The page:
Home Blockchain News The fate of a crypto micronation relies on a border dispute – WIRED UK

The fate of a crypto micronation relies on a border dispute – WIRED UK

by Michael Stark

Liberland: A New Nation’s Bold Challenge

In a small agricultural town in Serbia, Jedlička welcomed his guests to a celebratory dinner. The town, Apatin, is a bumpy drive from Belgrade Airport, and few locals are even aware of Liberland’s existence. Yet, for those who are aware, it’s more of a spectacle than anything else.

New Beginnings in Apatin

One local, Aleksandra Vrančić, a manager at a nearby petrol station, expressed that it’s something new, and, regardless of the odds, a positive venture. However, the sensitive history between Croatians and Serbs has left many locals apprehensive. Savo Vojinovic, a resident of Apatin, shared how he was roughed up by Croatians and chased away from the Croatian half of the river by police. Despite this, he still hopes for the success of a nation founded on freedom and open borders.

A Diverse Crowd

The dinner was attended by an international crowd, mostly white, male, and middle-aged. Though, by Štern-Vukotić’s own admission, these events are often male-dominated. There was a strong Scandinavian presence, as well as supporters from Italy, Spain, Germany, Libya, and Tunisia.

Striking Conversations

During the dinner, Jedlička engaged in conversations with Liberland delegates, members of his cabinet, and other enthusiasts who had come to celebrate the anniversary. They shared stories of previous attempts to gain access to Liberland by sneaking across in small boats when the police weren’t looking. “It’s a cat and mouse game with the Croatian border force,” noted Frode Borge, Liberland delegate for Norway. An Italian named Davide recounted an incident of capsizing a kayak while attempting to cross the river at night.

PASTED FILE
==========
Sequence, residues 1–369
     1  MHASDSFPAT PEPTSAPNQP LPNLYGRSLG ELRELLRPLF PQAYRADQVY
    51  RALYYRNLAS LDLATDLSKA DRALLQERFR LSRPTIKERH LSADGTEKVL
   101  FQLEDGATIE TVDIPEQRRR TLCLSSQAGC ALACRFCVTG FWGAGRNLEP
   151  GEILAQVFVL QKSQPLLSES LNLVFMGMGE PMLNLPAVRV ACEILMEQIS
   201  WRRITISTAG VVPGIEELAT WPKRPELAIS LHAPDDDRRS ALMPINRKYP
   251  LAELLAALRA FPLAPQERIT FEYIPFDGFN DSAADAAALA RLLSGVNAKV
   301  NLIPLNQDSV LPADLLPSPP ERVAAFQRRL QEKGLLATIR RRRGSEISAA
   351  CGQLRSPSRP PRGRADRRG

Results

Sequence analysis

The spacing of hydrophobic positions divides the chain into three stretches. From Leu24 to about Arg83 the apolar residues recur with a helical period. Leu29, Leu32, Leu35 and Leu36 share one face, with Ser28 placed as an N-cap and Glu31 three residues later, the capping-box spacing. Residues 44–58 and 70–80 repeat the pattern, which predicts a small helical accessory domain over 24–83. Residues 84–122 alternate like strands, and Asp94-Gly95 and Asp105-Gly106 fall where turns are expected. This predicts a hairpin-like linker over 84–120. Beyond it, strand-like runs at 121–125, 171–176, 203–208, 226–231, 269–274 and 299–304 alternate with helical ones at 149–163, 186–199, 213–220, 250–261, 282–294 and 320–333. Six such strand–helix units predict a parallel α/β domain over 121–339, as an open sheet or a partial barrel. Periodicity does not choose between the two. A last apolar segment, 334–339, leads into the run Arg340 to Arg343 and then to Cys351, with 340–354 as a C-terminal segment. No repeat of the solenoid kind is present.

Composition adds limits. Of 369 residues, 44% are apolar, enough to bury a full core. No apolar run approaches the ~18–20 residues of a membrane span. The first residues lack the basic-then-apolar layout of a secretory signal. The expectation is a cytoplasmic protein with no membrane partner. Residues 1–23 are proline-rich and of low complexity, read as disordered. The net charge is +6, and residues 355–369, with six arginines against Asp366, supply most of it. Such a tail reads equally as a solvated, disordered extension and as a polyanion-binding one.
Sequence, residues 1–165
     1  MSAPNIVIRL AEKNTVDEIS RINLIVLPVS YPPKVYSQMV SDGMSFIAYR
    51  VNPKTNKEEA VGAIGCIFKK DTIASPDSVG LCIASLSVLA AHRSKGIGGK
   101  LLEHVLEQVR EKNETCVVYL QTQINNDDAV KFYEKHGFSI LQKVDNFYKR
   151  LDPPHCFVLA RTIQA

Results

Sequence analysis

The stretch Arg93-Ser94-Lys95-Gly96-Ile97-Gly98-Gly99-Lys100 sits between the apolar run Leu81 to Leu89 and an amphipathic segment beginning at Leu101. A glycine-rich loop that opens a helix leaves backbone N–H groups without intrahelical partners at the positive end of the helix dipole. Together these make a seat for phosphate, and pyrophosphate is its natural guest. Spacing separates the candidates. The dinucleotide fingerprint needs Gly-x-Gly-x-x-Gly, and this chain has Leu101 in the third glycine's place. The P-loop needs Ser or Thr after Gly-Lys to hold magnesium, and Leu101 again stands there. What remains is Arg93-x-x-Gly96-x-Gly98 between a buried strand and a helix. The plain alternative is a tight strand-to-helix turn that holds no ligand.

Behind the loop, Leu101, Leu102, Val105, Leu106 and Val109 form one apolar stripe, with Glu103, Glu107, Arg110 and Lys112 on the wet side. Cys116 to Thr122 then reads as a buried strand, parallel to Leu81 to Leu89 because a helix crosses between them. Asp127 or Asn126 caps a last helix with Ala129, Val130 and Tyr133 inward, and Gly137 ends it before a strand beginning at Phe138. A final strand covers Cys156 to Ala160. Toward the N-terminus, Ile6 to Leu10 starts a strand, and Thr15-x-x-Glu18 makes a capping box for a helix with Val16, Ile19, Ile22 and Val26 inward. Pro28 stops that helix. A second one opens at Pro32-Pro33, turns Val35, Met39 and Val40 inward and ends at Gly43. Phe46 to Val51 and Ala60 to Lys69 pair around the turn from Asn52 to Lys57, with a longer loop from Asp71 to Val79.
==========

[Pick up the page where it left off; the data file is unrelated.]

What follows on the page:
A Make-or-Break Moment

Informed observers see the present as a crucial juncture in Liberland’s history. The accession of neighboring Croatia into the Schengen Area, a zone of open borders and free travel spanning most of Europe, has altered the legal framework. Before this, entering Liberland from Serbia or Hungary meant illegally crossing the Croatian border. However, with Croatia joining the Schengen Area, the situation has become more complex, creating potentially shakier legal ground for the arrest of settlers using this route.

Hope and Optimism

Jedlička, displaying unwavering optimism, sees Croatia’s entrance into Schengen as an opportunity. Settlers have managed to occupy Liberland territory for more than a month for the first time, even building a small house. “We are using this opportunity to prepare for permanent settlement. I don’t think there is any way we could fail,” said Jedlička. He is determined to make it a success, using the recent developments to forge a path forward for Liberland.

As the evening ended, Jedlička and his supporters set out along the river representing the Liberland spirit. Although they were escorted by police, their determination and hope seemed unbridled. For them, it’s a journey filled with challenges and possibilities.

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